Lakehead University hosted its first Gairdner Day on Monday, a special event for local high school students that aims to inspire the next generation of scientists and STEM professionals.
Students from Orillia Secondary School, Patrick Fogarty Catholic Secondary School, and Midland’s Georgian Bay District 66Secondary School were on campus in west Orillia to participate in a mini science-based Olympics and attend a lecture on human stem cells and gene editing.
The event was funded through the Gairdner Foundation, which promotes and rewards scientific excellence in human health; this year marks the first time the event has come to Lakehead’s Orillia campus.
“One of the things they do is they sponsor some top scientists from across Canada to come in and talk to high school students, and maybe inspire them about science and consider doing a career in science,” said Lakehead biology professor David Law, who organized the event.
“We have done it in Thunder Bay previously, but it was time to share some of the glory and showcase some of the good science that we do here in Orillia, too.”
Local students from Grade 9 through 12 participated in various events that tested their problem-solving abilities, with the opportunity to win a variety of prizes for their efforts.
Four events were held for the students, which included a competition to build the best balloon-powered car from a kit, and a challenge to re-create a completed Lego set, with the caveat that only one group member was allowed to see the set through the building process.
Students also participated in a chemistry boggle competition, and a “needling” competition where they had to identify a hidden object in a box using only knitting needles as a probe.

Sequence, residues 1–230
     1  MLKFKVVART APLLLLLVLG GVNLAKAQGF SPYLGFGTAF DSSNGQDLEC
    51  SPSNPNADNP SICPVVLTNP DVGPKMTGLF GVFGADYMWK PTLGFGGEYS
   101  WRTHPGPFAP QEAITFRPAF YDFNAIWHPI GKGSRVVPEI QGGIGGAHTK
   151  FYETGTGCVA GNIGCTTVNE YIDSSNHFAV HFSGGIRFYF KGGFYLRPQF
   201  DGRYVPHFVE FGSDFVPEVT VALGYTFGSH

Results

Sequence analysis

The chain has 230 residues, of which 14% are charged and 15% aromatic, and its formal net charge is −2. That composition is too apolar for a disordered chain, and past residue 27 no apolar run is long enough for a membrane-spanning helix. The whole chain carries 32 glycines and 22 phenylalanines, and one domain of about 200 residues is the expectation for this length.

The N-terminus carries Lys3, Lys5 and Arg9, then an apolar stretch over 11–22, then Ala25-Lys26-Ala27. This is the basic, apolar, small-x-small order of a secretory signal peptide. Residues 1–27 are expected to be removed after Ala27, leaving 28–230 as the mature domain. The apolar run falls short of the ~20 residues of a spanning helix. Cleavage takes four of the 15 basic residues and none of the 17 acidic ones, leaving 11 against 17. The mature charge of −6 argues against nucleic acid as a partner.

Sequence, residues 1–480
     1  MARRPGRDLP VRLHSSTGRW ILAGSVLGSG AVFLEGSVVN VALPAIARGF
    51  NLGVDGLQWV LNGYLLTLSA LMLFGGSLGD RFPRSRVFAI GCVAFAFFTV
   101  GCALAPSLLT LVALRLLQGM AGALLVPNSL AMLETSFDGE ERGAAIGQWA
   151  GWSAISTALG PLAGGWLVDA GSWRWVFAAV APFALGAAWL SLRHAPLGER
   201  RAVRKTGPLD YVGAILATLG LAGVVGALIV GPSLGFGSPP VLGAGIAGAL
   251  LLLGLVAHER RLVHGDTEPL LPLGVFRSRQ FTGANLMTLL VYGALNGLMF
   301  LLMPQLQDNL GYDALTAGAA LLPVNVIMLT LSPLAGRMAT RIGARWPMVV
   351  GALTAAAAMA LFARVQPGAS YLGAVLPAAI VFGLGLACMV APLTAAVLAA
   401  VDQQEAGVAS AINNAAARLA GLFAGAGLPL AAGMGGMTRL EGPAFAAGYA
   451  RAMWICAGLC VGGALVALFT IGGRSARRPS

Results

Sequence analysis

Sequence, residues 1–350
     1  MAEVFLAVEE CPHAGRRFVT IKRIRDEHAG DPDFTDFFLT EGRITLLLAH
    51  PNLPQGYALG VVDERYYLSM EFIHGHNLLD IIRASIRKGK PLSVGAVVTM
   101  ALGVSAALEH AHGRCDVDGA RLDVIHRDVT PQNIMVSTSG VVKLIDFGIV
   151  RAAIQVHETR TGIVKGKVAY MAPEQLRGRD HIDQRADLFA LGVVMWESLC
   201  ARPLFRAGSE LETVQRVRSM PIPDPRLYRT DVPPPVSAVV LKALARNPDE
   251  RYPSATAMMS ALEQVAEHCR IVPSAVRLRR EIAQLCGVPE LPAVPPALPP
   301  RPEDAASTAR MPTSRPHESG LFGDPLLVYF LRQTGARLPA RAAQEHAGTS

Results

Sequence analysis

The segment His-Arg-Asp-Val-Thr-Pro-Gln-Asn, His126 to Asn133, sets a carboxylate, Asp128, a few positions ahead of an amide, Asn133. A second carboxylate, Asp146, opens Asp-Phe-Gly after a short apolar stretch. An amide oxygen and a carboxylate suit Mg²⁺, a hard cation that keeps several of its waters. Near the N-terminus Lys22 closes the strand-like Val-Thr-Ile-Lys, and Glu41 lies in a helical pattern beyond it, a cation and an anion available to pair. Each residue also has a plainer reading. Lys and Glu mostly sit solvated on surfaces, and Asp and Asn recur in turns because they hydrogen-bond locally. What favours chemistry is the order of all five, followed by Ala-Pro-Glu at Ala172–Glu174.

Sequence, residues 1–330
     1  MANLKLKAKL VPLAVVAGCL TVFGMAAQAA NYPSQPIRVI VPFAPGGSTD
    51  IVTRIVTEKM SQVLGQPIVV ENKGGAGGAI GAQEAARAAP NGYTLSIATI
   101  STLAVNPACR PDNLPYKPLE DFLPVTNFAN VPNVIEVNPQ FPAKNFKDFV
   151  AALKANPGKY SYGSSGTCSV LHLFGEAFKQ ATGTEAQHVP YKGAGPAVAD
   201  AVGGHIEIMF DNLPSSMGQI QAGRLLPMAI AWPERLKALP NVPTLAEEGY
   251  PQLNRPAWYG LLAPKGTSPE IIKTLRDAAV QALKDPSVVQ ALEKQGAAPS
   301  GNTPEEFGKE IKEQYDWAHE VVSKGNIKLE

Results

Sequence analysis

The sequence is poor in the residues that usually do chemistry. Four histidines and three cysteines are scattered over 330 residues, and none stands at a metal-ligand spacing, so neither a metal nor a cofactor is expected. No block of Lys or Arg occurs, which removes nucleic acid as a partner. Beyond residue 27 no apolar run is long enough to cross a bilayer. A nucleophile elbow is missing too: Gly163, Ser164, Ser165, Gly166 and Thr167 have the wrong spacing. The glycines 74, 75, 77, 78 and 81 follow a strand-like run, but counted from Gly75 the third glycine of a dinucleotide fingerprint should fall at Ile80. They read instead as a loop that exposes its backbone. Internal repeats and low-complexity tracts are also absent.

One student from Midland said building a balloon-powered car was “awesome,” and hopes Gairdner Day can help her hone in on a specific scientific interest.
“I don't know, really, what I want to do, so that's actually why I came here,” Francesco Salpietro said. “I wanted to see if any careers inspired me.”
A big goal of the event, Law said, is to do just that — show students the wide range of skills required in carrying out scientific work.
“The immediate goal is just to keep the students interested in science, and really push how science is multidisciplinary,” Law said. “It's not just biology or chemistry or physics. If you're going to solve problems, you have to use all those skills.
“(It’s also) just for them to have fun, right? We just wanted to offer an in-person option for students to have fun with science after three years of a pandemic.”
Sreekumari Kurissey, Lakehead’s dean of biology, hopes the event helps to keep students interested in science as they work towards building careers.
“Most of them have some passion in science; that's why they were attending this event,” she said. “The ones that have already a passion in science, we’re kind of thinking of promoting that, and then, some of them who are undecided, we are hoping that we can instill or inspire them to become a scientist.”
Beyond the competitions, students also attended a lecture by Janet Rossant, who is a senior scientist at SickKids, as well as the president and scientific director at Gairdner Foundation, on the ethics of using human stem cells and the use of gene editing to cure disease.
“It's all about how humans develop from one single cell into the 37 trillion cells that we have in our body when we're adults, and all of the really fascinating decisions that cells have to make in order to become us,” Law explained.
Law also hopes Gairdner Day inspires students to study science locally.
“Lakehead Orillia is a potential option for these students if they're considering going to university and they're interested in science,” he said. “We have a lot of new programs here.”